Jim Geier rocks his chairs into perfection

STARKSBORO — Back in 1975, Jim Geier made his first Vermont Folk Rocker. The ‘65 Saint Mike’s College grad was renovating houses in the Burlington area at the time and had some two-by-fours, plywood and clothes line laying around. So, naturally, he made a hammock.
“But the hammock didn’t come out so well,” laughed Geier in a recent interview. “So I made it into a four-legged chair… I was playing around and making things, and sometimes it turns into something. All art is like that. I do a lot of painting and it’s very much like making furniture: you have a canvas or a piece of wood and try to make something.”
Satisfied that he had something, Geier hired a guy who knew more about furniture making than he did, and put a “sloppy shingle” out on the corner of Howard and Pine streets in Burlington. Soon after, a client from Shelburne made a large order. “It was a crash course,” said Geier. “But after making 50 pieces, I figured I probably knew how to make furniture… and if I didn’t, I was in trouble.”
After 15 years in Burlington, Geier moved his operation to Starksboro, where he continues to make the iconic rocking chairs. These days he has help from seven employees: Shawn Euber, Ryan Lee and Debbie Blakeslee, all of Starksboro; Pat Cyr of New Haven; Shea Denny of Richmond; DJ Detweiler of Huntington; and Alice Chandler of Bristol. Oh, and don’t forget Geier’s Jack Russell Terrier, Wally.
The team begins with wood from northern forests, they plane it into boards and make the parts of the chair. “Everything has a jig, and each jig has a different purpose: mark, hold, cut, glue, squeeze… you can’t go out and buy these; we made our own,” explained Geier.
The woodwork happens in a large shop with dust-covered anti-nuke memorabilia and other faded poster art. Geier’s passion for peace and creativity is on display throughout the shop with his own artwork and others.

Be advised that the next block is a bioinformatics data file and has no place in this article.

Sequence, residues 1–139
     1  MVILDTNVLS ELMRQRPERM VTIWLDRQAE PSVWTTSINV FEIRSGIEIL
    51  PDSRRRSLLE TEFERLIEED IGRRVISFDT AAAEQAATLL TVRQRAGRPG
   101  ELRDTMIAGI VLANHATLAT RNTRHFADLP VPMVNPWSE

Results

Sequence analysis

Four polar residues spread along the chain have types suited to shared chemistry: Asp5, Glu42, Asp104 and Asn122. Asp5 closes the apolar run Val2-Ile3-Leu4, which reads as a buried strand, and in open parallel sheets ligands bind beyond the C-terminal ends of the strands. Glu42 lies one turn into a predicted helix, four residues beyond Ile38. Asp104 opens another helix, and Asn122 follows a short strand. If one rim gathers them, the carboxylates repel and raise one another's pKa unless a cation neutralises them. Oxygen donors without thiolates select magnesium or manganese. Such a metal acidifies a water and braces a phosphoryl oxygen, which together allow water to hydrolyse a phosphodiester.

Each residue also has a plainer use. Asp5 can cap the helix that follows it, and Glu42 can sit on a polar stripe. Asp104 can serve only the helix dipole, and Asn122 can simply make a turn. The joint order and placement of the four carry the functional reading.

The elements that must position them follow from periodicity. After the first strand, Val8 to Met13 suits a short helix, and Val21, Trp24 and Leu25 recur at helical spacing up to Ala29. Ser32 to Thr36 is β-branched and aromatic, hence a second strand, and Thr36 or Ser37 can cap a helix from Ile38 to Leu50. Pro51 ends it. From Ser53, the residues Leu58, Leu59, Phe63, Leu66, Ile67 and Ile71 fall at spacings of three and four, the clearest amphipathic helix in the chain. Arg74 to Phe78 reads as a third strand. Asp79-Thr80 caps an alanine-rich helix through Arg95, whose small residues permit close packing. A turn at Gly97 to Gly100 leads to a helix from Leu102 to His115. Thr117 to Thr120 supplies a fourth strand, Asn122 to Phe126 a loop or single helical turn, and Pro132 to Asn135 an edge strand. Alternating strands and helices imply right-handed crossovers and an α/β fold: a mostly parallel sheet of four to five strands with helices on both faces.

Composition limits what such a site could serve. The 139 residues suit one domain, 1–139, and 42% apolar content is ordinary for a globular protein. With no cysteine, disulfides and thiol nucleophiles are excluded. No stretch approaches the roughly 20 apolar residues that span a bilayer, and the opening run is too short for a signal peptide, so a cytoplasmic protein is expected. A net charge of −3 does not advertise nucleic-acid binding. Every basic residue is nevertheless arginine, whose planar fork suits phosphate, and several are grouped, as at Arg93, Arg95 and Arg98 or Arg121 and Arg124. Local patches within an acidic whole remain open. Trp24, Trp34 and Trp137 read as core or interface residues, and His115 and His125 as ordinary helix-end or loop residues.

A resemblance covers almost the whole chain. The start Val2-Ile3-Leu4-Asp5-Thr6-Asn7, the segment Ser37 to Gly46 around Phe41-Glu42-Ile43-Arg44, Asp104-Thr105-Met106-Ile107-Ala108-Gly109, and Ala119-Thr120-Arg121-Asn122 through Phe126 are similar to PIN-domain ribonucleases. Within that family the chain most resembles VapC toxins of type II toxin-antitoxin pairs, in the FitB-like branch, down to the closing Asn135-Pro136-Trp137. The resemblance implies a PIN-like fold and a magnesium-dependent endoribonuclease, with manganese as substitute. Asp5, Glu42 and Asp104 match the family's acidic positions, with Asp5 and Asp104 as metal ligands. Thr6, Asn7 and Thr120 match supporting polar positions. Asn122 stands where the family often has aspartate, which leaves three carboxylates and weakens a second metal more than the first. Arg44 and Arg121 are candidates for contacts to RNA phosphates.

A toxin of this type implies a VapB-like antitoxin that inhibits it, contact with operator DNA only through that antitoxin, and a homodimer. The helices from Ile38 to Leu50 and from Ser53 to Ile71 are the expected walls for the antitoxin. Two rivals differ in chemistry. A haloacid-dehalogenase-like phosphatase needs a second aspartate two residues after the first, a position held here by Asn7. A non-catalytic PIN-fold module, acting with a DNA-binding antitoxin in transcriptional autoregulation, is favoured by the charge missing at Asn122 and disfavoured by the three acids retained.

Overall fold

Once the chair frame is assembled and sanded, it is soaked twice in linseed oil. “There’s no dryer in it,” said Geier. “Dryer is what makes it dry fast and hard.” It also has a lot of nasty chemicals. “Linseed oil will not totally dry for months, but eventually you get a patina that feels really smooth.”
A series of connected wooden blocks are finished, oiled and “quilted” together to make the chair seat and back. This is Geier’s signature. The chair frame is held in a jig while the blocks are sewn into place with what looks like a very large needle.
The final touches come from Blakeslee, who makes each chair a custom, handmade pillow-headrest and footstool. The footstools are not your normal ottoman, they call them “footsie rolls” because they look like two Tootsie Rolls put together. “They’re meant for your feet to rest on, not your whole leg. It’s really comfortable,” said Geier.
Each batch of chairs (60-80 chairs per batch) takes three months to complete. Chairs retail for $1,775. Every year, Geier does at least four raffles including the upcoming 5-Town Friends of the Arts event on Sunday.
“Over the years, the angle of the seat and the armrests have changed,” said Geier. “But now, it’s perfect… or at least at a point where I like it just the way it is.”
Can’t make it to the April 9 show but still want to buy a raffle ticket? Purchase them at Art on Main; only 300 will be sold.

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